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Rheumatologists around the world regularly encounter patients with symptoms and signs that should prompt consideration of Susac syndrome (SuS), yet information on SuS remains relatively scarce. Through an array of initiatives centered on SuS — including the International Collaborative Study of Susac Syndrome and a related international registry for the disease — Cleveland Clinic is leading efforts to help change that.
First described by Dr. John Susac in 1979, SuS is considered a rare syndrome but is likely considerably more common than reported. To date, 313 cases have been reported in the worldwide medical literature, but the prevalence of SuS is believed to be higher. Prevalence estimates are likely confounded by the fact that it is commonly misdiagnosed — usually as atypical multiple sclerosis, atypical acute disseminated encephalomyelitis (ADEM) or central nervous system vasculitis.
SuS primarily affects young women between ages 20 and 40, but it also affects men, adolescents and children (about 11 percent of cases have been pediatric — predominantly in older adolescents).
Although SuS is relatively rare, the clinical scenarios in which it is a relevant consideration come up very often in rheumatology practice. Specifically, SuS must be considered in the differential diagnosis of any patient who presents with one or more of the following:
Figure 1. Fluorescein angiography showing partial branch retinal artery occlusion (BRAO) and segmental hyperfluorescence and leakage in a patient with Susac syndrome.
SuS is a chronic immune-mediated microvascular endotheliopathy that partially or completely occludes the microvasculature in the brain, retina and inner ear, resulting in varying degrees of ischemic injury to these tissues. Clinically, it is characterized by the triad of:
This triad is typically accompanied by the distinctive MRI finding of “snowball” lesions in the central portion of the corpus callosum (Figure 3). In its most severe form, SuS threatens to cause dementia, blindness, deafness and severe lifelong physical and mental disability.
Figure 2. Audiogram from a patient with Susac syndrome showing typical low-frequency sensorineural hearing loss in the left ear (indicated by X’s) with normal hearing in the right ear (indicated by O’s).
Figure 3. Sagittal T2-weighted FLAIR image (MRI) showing four particularly large “snowball” lesions in the posterior halfof the corpus callosum in a patient with Susac syndrome. Reprinted from Journal of the Neurological Sciences, vol. 299, Rennebohm et al., “Susac’s syndrome — update,” p. 87, © 2010, with permission from Elsevier.
Fortunately, experienced and prompt use of aggressive, sustained immunosuppression (typically a corticosteroid, IV immunoglobulin, and either mycophenolate or cyclophosphamide) can markedly improve outcomes. In severe cases, treatment with cyclophosphamide and/or plasma exchange may be a consideration.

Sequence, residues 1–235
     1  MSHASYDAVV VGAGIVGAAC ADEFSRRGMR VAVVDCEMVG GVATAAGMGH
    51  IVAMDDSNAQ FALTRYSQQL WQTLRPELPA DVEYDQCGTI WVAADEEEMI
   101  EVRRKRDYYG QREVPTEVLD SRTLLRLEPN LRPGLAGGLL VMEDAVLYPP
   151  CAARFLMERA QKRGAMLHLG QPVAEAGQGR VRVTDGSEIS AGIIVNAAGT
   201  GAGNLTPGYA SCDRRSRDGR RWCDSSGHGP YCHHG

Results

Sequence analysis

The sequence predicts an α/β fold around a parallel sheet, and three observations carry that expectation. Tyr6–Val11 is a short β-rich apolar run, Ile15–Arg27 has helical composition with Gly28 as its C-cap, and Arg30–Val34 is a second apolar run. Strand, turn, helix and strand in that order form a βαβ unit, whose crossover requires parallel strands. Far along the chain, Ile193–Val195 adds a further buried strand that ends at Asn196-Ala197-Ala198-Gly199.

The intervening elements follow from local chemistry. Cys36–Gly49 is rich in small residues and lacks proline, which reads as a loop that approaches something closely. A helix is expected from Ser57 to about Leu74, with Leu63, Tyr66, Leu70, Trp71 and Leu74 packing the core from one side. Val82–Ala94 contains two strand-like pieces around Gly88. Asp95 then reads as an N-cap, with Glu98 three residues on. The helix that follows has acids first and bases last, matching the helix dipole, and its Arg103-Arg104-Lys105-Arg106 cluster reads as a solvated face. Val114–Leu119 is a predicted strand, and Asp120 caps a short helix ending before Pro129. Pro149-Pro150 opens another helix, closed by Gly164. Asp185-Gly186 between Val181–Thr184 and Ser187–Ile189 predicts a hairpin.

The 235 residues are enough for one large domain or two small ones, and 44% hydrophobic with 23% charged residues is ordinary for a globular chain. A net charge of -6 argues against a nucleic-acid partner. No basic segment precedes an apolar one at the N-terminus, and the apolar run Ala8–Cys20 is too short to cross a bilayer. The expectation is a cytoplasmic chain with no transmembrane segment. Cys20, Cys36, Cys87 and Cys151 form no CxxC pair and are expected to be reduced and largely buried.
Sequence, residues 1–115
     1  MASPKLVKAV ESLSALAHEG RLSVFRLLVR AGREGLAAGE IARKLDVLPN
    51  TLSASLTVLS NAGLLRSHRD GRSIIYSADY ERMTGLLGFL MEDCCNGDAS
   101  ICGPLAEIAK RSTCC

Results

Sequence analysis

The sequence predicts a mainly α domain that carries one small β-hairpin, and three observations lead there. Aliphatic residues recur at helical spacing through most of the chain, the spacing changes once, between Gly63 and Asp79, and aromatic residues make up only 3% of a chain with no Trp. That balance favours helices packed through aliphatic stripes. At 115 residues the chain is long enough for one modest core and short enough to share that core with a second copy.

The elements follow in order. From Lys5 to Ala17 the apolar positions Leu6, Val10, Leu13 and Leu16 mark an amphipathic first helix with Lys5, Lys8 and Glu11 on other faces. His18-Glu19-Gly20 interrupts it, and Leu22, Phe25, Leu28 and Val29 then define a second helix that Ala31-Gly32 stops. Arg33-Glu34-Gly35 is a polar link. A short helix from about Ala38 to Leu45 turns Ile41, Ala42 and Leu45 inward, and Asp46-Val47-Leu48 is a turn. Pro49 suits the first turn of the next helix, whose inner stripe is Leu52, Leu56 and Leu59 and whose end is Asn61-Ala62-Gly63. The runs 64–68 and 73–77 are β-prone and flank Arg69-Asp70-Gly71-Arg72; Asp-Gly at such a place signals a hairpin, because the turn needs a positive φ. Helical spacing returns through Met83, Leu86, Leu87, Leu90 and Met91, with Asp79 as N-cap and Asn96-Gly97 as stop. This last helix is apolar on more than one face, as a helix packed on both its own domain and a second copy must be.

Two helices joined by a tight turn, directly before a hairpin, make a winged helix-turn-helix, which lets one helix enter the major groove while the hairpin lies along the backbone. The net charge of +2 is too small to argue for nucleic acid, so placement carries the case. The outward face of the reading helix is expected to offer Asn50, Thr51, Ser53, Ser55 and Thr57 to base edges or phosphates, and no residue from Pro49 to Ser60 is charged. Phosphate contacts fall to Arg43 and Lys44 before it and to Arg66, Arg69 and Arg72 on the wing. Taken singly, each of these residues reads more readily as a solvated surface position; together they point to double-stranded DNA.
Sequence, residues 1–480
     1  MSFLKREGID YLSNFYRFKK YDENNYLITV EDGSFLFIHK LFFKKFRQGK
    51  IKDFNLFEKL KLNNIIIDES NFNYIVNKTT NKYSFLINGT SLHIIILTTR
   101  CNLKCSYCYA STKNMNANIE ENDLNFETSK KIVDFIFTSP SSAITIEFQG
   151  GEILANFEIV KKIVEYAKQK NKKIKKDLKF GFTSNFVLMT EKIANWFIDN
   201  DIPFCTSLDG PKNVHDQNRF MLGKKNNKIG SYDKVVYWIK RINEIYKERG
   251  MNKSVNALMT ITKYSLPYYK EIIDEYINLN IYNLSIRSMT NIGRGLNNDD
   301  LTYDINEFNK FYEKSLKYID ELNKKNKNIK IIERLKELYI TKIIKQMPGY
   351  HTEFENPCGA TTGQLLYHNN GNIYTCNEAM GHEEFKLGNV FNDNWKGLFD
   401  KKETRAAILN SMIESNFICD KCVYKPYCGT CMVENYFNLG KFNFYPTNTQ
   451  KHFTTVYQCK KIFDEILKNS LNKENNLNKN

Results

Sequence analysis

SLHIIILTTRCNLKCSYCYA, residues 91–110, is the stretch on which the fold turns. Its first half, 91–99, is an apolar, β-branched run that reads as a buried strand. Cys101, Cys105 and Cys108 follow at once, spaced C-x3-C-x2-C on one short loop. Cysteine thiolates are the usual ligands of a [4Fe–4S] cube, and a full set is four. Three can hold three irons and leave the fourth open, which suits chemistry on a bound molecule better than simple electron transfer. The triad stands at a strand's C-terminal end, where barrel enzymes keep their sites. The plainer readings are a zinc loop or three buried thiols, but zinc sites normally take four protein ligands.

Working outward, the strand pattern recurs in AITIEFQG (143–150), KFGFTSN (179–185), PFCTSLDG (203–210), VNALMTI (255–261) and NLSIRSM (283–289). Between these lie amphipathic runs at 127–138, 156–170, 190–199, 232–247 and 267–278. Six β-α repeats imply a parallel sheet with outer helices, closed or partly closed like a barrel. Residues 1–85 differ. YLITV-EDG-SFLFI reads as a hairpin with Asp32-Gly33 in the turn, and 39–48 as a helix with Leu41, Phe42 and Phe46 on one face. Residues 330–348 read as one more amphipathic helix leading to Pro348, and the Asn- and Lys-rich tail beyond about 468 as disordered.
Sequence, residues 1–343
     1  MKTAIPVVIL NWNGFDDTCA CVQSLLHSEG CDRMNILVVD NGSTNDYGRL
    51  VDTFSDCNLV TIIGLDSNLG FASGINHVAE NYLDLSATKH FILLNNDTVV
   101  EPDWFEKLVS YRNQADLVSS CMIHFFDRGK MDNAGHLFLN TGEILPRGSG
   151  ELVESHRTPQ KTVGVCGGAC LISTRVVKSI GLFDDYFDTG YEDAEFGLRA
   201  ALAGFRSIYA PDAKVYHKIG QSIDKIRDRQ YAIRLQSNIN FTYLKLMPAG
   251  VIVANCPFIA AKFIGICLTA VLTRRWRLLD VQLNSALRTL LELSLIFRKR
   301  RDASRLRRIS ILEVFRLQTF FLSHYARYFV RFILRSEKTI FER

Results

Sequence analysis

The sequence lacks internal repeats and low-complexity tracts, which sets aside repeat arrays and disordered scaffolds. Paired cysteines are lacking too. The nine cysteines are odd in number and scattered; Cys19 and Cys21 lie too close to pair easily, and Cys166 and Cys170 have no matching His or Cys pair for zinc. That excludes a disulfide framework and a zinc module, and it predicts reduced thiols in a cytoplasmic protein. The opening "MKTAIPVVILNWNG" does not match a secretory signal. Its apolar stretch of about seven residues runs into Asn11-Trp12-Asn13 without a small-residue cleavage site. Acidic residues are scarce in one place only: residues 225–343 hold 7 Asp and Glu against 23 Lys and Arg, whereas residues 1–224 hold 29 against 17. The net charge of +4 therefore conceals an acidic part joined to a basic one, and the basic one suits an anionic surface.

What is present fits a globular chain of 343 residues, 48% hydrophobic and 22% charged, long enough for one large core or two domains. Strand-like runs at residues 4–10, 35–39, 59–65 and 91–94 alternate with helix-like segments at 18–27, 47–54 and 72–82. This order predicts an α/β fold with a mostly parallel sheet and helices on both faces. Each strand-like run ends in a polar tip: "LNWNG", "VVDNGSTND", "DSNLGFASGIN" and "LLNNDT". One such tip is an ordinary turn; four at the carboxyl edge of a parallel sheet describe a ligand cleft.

The immunopathogenesis of SuS appears to be quite similar to that occurring in dermatomyositis. A leading hypothesis is that the earliest immune aberration might be dysregulation (inappropriate upregulation) of the type 1 interferon system within the microvasculature of the brain, retina and inner ear. The thinking is that this leads to varying degrees of occlusive endothelial cell swelling and injury within those microvasculatures.
Timely diagnosis of SuS is extremely important to ensure appropriate treatment before irreversible harm to the brain, retina and inner ear occurs. Few clinicians are highly experienced with this disease. The care and diagnosis of patients with SuS requires a team of experts familiar not only with this condition but also with its mimics to ensure an accurate diagnosis and workup.
In response to these needs, Cleveland Clinic has established an array of clinical services and research/educational initiatives specific to SuS. These include:
Because SuS is a relatively newly recognized entity with the potential to cause devastating harm to the brain, retina and inner ear, we need broad-based efforts to detect it, manage it appropriately and understand it better. At the individual patient level, that means taking a collaborative, multidisciplinary approach to its evaluation and management. At the international level, it means pooling experience and expertise through initiatives like those outlined above.
Dr. Hajj-Ali is a staff physician in the Center for Vasculitis Care and Research and the R.J. Fasenmyer Center for Clinical Immunology in Cleveland Clinic’s Department of Rheumatic and Immunologic Diseases.
Dr. Rennebohm, a pediatric rheumatologist in Cleveland Clinic Children’s Center for Pediatric Rheumatology, is Director of the Susac Syndrome Consultation Clinic.
Image at top reprinted from Journal of the Neurological Sciences, vol. 299, Rennebohm et al., “Susac’s syndrome — update,” p. 87, © 2010, with permission from Elsevier.